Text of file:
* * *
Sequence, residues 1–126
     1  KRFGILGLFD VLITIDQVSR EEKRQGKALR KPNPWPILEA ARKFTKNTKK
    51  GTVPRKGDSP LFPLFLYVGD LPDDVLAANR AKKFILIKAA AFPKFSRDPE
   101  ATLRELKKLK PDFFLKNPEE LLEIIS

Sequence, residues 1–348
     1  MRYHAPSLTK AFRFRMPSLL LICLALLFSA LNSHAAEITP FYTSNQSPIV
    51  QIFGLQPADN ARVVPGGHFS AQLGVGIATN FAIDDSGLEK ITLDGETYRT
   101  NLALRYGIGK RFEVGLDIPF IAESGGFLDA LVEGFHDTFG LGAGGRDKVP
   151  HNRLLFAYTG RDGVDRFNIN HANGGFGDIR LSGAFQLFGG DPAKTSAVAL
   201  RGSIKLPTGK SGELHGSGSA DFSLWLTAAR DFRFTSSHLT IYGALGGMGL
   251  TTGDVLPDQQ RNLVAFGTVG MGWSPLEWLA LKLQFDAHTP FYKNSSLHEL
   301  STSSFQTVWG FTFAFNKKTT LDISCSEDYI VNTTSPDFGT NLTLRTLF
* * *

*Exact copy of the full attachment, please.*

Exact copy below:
Sequence, residues 1–126
     1  KRFGILGLFD VLITIDQVSR EEKRQGKALR KPNPWPILEA ARKFTKNTKK
    51  GTVPRKGDSP LFPLFLYVGD LPDDVLAANR AKKFILIKAA AFPKFSRDPE
   101  ATLRELKKLK PDFFLKNPEE LLEIIS

Sequence, residues 1–348
     1  MRYHAPSLTK AFRFRMPSLL LICLALLFSA LNSHAAEITP FYTSNQSPIV
    51  QIFGLQPADN ARVVPGGHFS AQLGVGIATN FAIDDSGLEK ITLDGETYRT
   101  NLALRYGIGK RFEVGLDIPF IAESGGFLDA LVEGFHDTFG LGAGGRDKVP
   151  HNRLLFAYTG RDGVDRFNIN HANGGFGDIR LSGAFQLFGG DPAKTSAVAL
   201  RGSIKLPTGK SGELHGSGSA DFSLWLTAAR DFRFTSSHLT IYGALGGMGL
   251  TTGDVLPDQQ RNLVAFGTVG MGWSPLEWLA LKLQFDAHTP FYKNSSLHEL
   301  STSSFQTVWG FTFAFNKKTT LDISCSEDYI VNTTSPDFGT NLTLRTLF